National Grid spared from being broken up

National Grid spared from being broken up

by Big Mac

cardiff energy demand

National Grid has been spared from being broken up as plans for a new, separate electricity system operator has been announced.

The government and Ofgem have proposed to establish a legally, independent operator within National Grid to create “greater separation” between its system operator role and the rest of the group.

The new system operator will have distinct employees, directors and offices from other National Grid electricity subsidiary companies.

National Grid owns and maintains the electricity transmission and gas distribution networks, runs the system to make sure the lights stay on and owns assets such as interconnectors that bring power into the country from other nations.

Last year, MPs on the Energy and Climate Change Committee called for National Grid to be broken up, with the introduction of an independent system operator.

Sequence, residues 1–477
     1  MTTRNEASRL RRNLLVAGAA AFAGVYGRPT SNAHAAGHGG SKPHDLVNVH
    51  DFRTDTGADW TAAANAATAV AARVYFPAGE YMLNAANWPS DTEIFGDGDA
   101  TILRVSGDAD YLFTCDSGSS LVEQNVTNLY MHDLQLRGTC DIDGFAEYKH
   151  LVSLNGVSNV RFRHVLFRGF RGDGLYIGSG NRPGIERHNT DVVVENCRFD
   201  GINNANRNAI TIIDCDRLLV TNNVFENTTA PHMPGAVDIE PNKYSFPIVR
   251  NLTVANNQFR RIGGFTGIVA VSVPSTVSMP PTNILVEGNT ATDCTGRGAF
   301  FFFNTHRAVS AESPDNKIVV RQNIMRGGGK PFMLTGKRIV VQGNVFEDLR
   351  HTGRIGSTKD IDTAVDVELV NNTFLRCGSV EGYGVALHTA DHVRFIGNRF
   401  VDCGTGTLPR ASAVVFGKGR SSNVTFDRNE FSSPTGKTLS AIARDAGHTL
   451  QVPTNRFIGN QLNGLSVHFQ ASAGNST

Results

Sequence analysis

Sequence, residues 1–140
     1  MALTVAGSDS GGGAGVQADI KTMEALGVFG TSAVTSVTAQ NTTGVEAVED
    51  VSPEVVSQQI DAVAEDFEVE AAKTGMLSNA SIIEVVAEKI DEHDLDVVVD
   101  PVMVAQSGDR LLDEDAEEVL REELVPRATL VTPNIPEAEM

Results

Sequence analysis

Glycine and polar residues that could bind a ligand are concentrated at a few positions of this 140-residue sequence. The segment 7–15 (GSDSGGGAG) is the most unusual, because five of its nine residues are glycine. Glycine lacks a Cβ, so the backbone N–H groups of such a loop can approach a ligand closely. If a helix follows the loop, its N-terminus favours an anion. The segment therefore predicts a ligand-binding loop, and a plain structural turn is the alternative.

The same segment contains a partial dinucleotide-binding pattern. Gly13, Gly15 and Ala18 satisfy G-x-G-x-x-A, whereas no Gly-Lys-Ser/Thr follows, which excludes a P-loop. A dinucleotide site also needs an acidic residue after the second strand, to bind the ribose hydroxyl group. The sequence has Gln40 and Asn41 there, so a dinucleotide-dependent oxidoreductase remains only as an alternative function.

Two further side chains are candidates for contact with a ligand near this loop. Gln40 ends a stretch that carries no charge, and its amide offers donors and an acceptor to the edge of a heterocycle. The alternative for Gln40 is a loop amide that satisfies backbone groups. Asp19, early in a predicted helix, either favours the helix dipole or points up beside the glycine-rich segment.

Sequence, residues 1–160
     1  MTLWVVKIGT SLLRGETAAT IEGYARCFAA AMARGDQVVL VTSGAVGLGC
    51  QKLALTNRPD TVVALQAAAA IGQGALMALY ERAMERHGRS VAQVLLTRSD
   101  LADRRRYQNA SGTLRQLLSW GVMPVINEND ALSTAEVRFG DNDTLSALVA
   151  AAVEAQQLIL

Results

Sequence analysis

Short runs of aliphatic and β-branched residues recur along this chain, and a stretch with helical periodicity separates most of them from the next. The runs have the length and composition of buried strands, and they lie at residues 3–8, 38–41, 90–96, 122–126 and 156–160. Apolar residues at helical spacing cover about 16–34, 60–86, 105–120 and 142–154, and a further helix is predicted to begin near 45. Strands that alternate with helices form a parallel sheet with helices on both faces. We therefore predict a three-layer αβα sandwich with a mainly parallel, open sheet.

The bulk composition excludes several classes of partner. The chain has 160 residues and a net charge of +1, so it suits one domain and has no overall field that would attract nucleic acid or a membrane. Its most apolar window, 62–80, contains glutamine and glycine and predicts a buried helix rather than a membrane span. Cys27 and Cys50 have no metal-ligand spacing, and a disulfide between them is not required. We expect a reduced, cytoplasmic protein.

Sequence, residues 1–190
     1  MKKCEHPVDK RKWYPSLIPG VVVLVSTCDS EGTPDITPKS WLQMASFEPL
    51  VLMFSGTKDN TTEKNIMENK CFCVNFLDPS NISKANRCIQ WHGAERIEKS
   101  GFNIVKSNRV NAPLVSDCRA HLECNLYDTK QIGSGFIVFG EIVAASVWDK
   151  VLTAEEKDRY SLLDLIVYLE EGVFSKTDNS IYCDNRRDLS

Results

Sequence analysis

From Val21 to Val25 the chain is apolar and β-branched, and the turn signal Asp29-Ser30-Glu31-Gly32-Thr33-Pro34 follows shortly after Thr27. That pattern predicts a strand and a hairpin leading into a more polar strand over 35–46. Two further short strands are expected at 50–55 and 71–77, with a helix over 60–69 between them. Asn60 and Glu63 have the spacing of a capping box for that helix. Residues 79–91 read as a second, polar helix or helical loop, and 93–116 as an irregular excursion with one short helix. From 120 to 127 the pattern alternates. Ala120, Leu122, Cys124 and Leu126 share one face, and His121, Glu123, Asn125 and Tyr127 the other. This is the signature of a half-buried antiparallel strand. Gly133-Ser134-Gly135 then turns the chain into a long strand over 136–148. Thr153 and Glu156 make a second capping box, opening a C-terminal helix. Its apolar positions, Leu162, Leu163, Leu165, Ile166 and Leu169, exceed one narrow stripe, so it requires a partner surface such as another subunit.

The new independent operator’s role includes balancing the power grid “second by second” and working more closely with local electricity distribution network operators to manage flows across the grids.

Dermot Nolan, Chief Executive of Ofgem, said: “As the system changes, it’s important that all the monopoly networks adapt. Having a legally separate system operator will allow it to take on a more proactive role in managing the system and working with others, while mitigating any conflicts of interest.”

National Grid welcomed the announcement, stating it is the “best approach” to meet the needs of a changing energy market.

CEO John Pettigrew said: “We believe National Grid is best placed to deliver the role of System Operator, especially during a time when the energy landscape is changing rapidly.”

Ofgem has launched a consultation, which will run until 10th March.